4. 4. Why observational data? • Experiments often infeasible, unethical, or too expensive • Routinely collected in many situations • Electronic health records in hospitals • ICU data streams • Body-worn sensors and mobile devices
  5. 5. This talk • We can make some progress in getting causes from medical data • But should worry about missing data and nonstationarity • Explanation can be automated (sometimes)
  6. 6. Logic-based causal inference • Complex, temporal relationships • Assess average difference cause makes to probability of effect Kleinberg, S. (2012) Causality, Probability, and Time. Cambridge University Press. Kleinberg, S. (2015) Why: A Guide to Finding and Using Causes. O’Reilly Media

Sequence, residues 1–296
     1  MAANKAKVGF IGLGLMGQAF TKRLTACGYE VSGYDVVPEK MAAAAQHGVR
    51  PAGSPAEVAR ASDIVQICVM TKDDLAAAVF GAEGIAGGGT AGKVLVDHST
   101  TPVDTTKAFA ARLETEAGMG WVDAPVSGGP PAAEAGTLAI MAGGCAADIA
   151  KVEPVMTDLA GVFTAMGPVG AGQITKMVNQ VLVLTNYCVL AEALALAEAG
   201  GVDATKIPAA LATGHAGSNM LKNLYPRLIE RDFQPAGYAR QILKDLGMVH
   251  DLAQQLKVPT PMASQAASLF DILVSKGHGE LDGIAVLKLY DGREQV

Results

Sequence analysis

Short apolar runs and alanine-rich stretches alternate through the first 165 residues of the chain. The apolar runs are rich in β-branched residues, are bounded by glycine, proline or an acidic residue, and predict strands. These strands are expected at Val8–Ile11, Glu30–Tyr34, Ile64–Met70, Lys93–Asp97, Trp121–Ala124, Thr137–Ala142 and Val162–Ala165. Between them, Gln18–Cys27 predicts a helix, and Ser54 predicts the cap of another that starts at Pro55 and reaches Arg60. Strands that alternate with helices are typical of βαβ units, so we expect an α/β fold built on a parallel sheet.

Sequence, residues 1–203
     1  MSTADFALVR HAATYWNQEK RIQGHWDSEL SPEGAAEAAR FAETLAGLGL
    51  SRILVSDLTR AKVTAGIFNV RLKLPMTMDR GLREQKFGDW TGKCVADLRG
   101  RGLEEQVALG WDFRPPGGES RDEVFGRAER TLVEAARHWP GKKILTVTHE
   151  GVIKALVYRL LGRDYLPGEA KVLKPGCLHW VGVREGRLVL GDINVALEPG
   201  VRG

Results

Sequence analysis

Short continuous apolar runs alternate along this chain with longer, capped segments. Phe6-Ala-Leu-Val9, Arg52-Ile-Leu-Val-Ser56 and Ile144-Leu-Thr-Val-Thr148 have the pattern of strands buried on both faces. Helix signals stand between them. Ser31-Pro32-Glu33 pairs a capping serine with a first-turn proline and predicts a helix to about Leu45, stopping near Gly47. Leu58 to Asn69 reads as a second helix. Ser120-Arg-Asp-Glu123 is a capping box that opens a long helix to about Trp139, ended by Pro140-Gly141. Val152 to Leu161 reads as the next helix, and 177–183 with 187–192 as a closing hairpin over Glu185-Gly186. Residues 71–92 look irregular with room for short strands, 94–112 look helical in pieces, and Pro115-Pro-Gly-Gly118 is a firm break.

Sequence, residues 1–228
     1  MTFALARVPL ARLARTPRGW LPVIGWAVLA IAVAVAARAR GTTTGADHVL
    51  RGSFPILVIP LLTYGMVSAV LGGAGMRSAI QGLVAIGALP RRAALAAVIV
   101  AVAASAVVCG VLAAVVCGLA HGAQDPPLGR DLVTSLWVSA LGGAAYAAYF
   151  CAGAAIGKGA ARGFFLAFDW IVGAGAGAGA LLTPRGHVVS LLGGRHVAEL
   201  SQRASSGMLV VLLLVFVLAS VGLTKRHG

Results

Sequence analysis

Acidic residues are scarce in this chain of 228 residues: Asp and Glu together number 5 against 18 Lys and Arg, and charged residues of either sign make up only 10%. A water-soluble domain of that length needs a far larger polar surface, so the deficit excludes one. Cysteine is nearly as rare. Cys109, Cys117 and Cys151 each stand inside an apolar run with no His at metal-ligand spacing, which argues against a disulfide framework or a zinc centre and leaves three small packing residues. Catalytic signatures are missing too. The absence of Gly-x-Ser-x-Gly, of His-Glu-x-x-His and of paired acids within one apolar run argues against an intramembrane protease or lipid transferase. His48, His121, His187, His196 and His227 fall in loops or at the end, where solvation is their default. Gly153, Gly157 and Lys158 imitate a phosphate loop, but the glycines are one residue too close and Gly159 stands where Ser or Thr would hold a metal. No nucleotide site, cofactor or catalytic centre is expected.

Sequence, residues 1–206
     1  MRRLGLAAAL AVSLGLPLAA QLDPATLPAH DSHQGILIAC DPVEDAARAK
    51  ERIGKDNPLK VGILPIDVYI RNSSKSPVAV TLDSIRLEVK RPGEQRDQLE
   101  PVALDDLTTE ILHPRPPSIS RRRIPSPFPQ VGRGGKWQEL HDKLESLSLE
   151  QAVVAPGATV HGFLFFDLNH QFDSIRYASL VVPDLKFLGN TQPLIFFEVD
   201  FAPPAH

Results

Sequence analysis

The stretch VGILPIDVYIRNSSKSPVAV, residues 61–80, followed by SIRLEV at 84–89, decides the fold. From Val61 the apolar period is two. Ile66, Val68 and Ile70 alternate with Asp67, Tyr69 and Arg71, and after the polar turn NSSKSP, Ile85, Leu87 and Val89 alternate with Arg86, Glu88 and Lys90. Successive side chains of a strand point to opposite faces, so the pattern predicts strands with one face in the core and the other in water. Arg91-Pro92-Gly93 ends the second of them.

7. 7. • Main idea: looking for better explanations for the effect • Inferring timing • Instead of accepting/rejecting hypotheses, refine them from data using greedy search • Can start by testing relationships between all variables and CHF in 1-2 weeks, and ultimately infer "high AST leads to CHF in 4-10 days”
  8. 8. Application: understanding stroke recovery Massive amounts of data collected in ICU (>100,000 measurements per person) How do patients change over time?
  9. 9. NICU dataset • 98 patients with subarachnoid hemorrhage • Monitoring included • Depth and surface EEG • Microdialysis • Physiologic measurements (no data on procedures)